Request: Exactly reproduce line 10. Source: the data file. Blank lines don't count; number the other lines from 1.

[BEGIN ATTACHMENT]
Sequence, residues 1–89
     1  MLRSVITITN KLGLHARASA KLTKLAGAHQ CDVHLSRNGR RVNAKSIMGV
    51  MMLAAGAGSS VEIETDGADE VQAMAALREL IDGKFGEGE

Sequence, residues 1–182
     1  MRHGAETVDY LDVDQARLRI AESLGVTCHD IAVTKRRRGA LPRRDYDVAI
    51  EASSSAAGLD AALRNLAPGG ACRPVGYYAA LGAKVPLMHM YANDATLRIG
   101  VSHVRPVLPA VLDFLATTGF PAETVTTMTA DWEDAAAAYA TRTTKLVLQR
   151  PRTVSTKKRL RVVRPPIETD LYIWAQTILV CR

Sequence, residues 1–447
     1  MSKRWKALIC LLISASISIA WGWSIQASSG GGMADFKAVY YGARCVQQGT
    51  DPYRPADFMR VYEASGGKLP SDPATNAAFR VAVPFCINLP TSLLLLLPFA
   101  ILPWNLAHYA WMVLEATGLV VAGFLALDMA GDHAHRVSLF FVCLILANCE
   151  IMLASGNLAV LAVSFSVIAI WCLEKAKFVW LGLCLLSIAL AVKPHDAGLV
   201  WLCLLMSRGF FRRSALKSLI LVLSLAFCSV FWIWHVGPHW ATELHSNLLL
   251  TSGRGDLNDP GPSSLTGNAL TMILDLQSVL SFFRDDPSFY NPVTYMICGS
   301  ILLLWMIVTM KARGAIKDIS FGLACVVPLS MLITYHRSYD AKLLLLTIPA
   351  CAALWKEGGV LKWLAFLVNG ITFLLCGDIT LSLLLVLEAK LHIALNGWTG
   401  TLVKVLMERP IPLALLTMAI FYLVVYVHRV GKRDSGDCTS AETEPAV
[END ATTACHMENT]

     1  MSKRWKALIC LLISASISIA WGWSIQASSG GGMADFKAVY YGARCVQQGT